The secretary of the Army offered a glowing assessment of Fort Carson on Wednesday, touting the base’s training grounds and surrounding community as everything the Army wants as it moves into the future.
Whether that spares the base from wide-ranging defense cuts remains to be seen.
“There will be changes, but to what extent and where, that’s still a work in progress,” said Army Secretary John McHugh.
McHugh’s remarks came during a ceremony with Colorado Springs leaders at City Hall to sign a largely symbolic agreement pledging cooperation between Fort Carson and the city in the years ahead.
His next task: Decide where Fort Carson figures into the Defense Department’s plans to slash hundreds of billions of dollars from its budget over the next decade.
The Army plans to cut 80,000 soldiers from its ranks as part of a wide-ranging plan by the Defense Department to cut $487 billion from its budget over the next decade.
That figure could double should Congress fail to find budget savings by the end of the year,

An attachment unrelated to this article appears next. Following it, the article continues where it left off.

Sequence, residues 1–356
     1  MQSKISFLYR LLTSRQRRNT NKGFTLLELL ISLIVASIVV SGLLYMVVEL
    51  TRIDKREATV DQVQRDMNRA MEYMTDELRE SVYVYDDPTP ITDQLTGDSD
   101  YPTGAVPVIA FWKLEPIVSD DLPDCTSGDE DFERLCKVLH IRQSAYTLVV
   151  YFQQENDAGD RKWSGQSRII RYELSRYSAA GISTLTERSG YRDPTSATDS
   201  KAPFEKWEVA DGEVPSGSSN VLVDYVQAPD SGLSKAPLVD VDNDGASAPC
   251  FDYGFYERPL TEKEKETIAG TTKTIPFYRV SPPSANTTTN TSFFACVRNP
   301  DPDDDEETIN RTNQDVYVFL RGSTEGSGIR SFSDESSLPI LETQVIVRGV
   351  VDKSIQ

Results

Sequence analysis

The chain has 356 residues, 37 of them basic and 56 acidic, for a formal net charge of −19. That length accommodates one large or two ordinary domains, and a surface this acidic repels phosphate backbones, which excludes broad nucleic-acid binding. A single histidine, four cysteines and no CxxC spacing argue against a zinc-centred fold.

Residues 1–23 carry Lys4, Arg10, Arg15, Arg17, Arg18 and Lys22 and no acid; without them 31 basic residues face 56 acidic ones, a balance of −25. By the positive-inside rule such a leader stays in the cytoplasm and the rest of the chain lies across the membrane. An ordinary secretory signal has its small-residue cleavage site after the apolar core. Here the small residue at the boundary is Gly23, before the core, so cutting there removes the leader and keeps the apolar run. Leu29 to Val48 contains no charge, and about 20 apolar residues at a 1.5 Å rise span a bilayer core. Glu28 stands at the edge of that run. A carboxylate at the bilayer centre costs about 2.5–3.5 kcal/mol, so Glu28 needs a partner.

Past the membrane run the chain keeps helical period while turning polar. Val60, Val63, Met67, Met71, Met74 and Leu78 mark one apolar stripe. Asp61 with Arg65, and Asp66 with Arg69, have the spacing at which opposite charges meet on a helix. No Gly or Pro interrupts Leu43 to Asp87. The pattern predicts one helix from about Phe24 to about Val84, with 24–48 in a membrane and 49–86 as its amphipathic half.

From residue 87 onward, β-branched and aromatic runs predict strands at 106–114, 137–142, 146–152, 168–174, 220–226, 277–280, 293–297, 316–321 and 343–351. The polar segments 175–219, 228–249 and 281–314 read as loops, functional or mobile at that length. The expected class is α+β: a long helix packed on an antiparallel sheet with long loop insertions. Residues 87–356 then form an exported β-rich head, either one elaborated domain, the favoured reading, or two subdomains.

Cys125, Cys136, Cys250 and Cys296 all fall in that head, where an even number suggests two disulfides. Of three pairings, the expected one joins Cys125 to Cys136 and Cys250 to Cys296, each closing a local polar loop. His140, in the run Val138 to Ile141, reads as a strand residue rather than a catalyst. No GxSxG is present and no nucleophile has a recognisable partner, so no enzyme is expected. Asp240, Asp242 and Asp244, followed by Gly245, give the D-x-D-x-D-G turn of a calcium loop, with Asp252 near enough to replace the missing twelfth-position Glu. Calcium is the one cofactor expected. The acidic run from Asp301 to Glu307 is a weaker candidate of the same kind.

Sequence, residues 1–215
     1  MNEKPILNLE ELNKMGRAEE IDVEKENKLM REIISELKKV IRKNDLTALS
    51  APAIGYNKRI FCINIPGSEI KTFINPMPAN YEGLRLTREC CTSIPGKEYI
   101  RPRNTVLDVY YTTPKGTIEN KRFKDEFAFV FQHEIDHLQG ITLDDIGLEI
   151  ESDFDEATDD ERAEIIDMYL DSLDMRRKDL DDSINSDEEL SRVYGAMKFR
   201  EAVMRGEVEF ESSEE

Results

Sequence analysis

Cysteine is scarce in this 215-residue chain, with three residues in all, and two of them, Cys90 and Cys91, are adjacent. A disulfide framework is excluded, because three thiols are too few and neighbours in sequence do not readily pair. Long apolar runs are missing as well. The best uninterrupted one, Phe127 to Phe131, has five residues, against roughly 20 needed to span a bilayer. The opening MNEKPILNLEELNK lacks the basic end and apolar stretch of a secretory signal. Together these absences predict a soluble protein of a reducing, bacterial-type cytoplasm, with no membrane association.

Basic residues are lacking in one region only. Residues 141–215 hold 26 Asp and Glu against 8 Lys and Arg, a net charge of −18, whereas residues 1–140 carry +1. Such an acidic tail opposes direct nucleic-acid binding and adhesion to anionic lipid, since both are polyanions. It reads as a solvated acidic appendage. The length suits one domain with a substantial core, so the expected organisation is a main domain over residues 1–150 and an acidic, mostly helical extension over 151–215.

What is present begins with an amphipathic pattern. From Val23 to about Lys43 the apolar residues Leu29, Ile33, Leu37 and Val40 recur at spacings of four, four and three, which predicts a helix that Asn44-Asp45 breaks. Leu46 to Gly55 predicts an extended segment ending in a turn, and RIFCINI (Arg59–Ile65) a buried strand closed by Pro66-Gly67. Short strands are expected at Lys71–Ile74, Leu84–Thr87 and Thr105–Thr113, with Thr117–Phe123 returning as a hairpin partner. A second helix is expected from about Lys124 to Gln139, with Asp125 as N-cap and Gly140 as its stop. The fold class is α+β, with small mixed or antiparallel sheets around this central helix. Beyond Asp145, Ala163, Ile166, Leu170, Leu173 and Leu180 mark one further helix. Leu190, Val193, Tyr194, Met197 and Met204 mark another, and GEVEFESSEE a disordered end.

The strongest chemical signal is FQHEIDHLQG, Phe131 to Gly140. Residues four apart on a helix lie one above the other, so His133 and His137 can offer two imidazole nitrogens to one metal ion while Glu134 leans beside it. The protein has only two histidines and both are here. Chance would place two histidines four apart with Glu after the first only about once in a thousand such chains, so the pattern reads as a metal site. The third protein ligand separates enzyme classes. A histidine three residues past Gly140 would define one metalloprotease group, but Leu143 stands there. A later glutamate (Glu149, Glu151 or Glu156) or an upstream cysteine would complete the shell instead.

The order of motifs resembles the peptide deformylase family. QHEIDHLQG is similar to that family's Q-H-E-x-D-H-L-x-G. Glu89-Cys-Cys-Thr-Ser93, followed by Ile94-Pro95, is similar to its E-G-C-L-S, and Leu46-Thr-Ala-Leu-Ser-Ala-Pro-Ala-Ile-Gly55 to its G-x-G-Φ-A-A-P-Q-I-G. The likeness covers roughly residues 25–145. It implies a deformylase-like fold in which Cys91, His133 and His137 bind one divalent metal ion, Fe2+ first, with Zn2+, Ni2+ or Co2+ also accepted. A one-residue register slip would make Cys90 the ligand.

Army officials have so far hedged on whether those cuts will reach Fort Carson.
The Pentagon announced a plan in February to reduce the number of combat brigades from 45 to as few as 32. In the process, the size of the remaining combat brigades would swell to pre-war levels — when each brigade boasted about 1,000 more soldiers.
The arrival of about 2,700 troops with a new helicopter brigade at Fort Carson should ease any cuts levied by the Defense Department — though McHugh sounded a positive note about the base Wednesday.
“For bases like Fort Carson, where you have such great training ranges, where you have this great community spirit, and obviously a place where the Army’s made an investment in building a new combat aviation brigade, this is a place we like very much,” McHugh said.
“We’ll have to share some pain, but all of us in the Army leadership are dedicated to making sure our families and their soldiers get what they need.”
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